Living & Working in Great Places
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I recently joined the American Red Cross, took the exams and was deployed to North Carolina to the Lumberton area that was the hardest hit by Hurricane Matthews. I spent two weeks there in two different shelters and did a variety of jobs. I met the most amazing people from all over the USA and beyond, had the most rewarding experience considering all the human suffering I witnessed, It was the first time I flew so got that out of the way.I worked long hours and with some moderate stress. I kept thinking the whole time this is sort of like seasonal jobs.The only bummer, and what I need some insight with is: I did not sleep during my time there. I had no issue with working hard and long hours. But sleeping on a cot, in a room full of other amazing people about 30 in main room of the church the shelter staff lived in, other smaller rooms had cots as well. but the sounds I heard all night ( use your imagination) just made it impossible for me to sleep, I took Melatonin and used ear plugs which did not help at all. I guess this is making think of the sleeping situations one gets with seasonal jobs. I loved my experience but don't think I could sacrifce my health for it and this was only 2 weeks, I know it't not exactly like cool work jobs but similar in some ways. I am not blaming it all on the environment, I tend to be a light sleeper, and have difficulty had home too at times. Just thought you experiences seasonal workers could add some much needed insight. Thank you much.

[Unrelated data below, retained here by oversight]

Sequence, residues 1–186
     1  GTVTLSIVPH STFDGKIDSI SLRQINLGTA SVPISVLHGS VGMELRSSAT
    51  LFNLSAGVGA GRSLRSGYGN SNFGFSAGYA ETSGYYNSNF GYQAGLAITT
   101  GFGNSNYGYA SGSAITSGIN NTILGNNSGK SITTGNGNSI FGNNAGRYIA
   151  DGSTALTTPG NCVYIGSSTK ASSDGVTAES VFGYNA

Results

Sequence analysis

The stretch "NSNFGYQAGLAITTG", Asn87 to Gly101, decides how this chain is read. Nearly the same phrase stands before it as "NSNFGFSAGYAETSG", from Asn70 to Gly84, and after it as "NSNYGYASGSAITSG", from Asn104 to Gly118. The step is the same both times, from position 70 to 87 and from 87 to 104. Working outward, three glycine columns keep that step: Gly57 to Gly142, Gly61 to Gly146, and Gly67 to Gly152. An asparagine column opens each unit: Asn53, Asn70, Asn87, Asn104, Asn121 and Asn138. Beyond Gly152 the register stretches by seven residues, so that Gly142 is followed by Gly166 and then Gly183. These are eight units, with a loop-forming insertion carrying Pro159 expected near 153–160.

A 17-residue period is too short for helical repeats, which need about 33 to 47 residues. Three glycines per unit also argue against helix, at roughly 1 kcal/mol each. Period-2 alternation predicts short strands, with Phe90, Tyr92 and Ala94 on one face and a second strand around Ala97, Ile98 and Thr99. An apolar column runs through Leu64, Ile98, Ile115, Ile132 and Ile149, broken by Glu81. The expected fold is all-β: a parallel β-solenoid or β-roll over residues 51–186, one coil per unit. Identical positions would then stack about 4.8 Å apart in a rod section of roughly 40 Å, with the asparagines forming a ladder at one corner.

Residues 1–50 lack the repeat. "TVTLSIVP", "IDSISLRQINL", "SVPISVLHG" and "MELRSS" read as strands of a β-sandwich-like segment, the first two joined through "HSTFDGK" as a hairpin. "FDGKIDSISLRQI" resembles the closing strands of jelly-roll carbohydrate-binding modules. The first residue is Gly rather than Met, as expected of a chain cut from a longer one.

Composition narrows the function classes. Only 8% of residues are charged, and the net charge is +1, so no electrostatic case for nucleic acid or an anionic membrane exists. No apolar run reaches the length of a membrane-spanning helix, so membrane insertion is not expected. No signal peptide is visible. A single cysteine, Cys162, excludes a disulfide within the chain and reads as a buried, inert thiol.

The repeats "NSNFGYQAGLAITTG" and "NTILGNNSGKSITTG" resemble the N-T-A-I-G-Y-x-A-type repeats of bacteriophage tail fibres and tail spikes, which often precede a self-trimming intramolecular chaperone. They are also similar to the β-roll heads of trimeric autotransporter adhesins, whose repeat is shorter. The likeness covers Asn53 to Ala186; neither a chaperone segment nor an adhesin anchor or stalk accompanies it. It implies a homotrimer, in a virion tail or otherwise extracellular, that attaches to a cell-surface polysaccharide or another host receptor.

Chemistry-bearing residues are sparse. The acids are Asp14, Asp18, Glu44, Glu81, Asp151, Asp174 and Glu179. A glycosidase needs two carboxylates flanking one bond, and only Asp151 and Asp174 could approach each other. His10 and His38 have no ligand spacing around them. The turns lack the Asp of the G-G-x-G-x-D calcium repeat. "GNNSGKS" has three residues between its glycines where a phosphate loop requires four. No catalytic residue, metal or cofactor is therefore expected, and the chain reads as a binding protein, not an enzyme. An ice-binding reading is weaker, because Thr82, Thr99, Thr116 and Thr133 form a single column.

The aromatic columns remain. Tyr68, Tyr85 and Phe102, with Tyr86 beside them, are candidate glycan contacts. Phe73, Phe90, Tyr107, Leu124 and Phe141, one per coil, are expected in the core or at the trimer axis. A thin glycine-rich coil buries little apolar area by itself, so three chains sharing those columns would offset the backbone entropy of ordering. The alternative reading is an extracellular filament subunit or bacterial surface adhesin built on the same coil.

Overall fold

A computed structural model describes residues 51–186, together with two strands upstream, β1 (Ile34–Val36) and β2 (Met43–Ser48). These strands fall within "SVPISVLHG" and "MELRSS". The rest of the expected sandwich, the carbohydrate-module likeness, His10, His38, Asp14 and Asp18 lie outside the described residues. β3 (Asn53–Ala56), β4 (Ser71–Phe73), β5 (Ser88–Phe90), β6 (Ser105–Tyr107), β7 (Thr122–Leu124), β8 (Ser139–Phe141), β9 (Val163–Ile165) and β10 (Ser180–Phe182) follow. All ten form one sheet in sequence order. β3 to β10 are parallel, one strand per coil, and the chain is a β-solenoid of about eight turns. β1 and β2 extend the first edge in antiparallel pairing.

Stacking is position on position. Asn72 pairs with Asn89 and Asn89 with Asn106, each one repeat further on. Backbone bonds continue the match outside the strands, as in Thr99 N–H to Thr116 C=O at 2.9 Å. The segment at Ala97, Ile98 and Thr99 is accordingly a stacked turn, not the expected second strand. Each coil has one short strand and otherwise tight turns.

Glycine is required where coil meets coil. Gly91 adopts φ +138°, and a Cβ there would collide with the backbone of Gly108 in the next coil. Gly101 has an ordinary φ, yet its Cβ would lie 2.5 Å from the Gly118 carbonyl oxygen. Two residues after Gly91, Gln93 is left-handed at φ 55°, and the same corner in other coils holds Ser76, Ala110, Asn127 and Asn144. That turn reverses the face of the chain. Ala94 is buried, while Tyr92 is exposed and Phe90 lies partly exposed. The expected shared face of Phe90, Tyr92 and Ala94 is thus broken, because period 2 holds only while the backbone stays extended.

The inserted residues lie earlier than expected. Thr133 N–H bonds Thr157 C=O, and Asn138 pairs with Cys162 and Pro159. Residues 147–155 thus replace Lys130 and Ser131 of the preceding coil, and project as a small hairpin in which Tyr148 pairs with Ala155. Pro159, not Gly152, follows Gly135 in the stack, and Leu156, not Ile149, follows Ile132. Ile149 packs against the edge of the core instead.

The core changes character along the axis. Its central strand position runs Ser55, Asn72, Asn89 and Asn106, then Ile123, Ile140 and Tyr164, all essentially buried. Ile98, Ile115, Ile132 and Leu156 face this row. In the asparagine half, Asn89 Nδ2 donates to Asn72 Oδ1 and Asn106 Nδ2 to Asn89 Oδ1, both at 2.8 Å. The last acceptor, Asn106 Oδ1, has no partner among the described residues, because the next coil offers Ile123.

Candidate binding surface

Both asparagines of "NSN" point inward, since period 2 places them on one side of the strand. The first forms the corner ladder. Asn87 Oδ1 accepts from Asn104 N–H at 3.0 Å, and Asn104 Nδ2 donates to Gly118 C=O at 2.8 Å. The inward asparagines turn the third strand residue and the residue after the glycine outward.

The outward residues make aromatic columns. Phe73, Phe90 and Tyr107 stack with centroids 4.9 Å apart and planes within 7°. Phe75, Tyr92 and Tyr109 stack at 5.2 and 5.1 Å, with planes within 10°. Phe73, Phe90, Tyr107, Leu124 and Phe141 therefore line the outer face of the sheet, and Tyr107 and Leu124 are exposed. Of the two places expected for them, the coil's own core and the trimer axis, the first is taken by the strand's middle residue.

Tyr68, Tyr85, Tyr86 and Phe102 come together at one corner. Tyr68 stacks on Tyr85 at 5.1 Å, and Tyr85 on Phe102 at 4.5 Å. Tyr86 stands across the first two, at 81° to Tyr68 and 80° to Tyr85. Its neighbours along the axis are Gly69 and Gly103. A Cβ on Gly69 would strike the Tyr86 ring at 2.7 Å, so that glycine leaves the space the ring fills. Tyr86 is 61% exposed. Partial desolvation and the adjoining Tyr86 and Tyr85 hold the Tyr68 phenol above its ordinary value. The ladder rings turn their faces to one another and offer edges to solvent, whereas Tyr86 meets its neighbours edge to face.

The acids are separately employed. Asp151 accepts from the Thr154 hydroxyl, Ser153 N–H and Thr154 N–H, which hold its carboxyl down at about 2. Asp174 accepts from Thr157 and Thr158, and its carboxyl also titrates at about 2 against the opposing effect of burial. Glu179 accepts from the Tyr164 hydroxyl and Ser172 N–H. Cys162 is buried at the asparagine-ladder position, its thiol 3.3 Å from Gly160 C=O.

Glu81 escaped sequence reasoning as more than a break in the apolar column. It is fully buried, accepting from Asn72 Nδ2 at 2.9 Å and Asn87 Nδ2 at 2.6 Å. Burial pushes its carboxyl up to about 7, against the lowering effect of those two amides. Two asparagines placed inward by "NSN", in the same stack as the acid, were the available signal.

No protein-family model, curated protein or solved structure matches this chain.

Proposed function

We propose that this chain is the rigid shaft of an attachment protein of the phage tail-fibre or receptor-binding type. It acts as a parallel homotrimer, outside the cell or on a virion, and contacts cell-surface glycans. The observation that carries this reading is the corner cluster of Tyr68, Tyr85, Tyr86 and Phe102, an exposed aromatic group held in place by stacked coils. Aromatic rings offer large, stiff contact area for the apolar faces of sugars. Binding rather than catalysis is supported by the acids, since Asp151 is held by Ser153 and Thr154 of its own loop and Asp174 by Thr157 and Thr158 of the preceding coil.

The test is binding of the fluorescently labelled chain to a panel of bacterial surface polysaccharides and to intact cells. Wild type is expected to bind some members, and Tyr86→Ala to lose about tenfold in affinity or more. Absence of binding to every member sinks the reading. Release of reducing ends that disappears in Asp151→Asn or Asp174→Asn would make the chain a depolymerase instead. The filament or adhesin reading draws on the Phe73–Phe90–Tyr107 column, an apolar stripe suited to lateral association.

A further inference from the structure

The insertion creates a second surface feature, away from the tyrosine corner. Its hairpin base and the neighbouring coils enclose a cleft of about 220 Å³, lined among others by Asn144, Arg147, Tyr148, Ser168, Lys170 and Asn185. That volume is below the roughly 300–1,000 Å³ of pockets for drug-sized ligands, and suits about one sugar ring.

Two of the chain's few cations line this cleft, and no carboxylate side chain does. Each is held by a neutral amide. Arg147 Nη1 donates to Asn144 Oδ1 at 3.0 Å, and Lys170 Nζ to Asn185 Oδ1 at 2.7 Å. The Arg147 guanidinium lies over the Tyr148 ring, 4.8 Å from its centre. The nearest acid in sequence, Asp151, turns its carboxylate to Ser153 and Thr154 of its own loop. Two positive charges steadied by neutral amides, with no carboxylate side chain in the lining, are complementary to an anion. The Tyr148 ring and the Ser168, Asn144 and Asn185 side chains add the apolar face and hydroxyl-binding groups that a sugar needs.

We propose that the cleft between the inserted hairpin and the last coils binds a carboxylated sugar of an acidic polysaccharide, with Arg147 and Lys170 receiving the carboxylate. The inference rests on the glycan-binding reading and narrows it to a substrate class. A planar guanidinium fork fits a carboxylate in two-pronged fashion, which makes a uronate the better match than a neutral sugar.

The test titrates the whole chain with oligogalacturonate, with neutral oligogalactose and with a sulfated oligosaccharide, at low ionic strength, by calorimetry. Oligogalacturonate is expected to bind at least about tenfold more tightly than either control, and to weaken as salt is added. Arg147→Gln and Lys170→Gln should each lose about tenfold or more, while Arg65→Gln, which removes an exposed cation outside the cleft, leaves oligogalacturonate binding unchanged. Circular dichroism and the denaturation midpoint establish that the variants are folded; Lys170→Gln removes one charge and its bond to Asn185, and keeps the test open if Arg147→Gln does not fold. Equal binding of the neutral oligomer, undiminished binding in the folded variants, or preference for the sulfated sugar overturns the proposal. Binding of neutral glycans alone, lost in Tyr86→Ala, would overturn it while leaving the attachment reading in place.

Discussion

First....thanks for volunteering.
Next, your experience would be on the extreme end of housing. I have heard of a few ranches that have old-style bunkhouses. I have also heard of a few dorm situations where large rooms might have 3-4 bunk beds.
By far the most common arrangement is one roommate.
In my personal experience, I have had my own room more than half the time, but share a bathroom. I'd also have to add that most of my experiences have been outside the national park concessionaire system.
Hi Keith, thanks for your insights.
Yeah, Red Cross said this was not a typical situation but others said it was typical. I hope to give it another chance. The bunk was about a foot off the ground so had to just sort of role off. Some cots made bubble-wrap popping sounds everytime someone shifted, thankfully I didn't have one of those. With all the other sounds it was a symphony of sounds all night. :) Still, I loved my experience overall,
So what jobs have you had outside the national park concessionaire system and do those have better sleeping arrangements?
Thanks again, Mike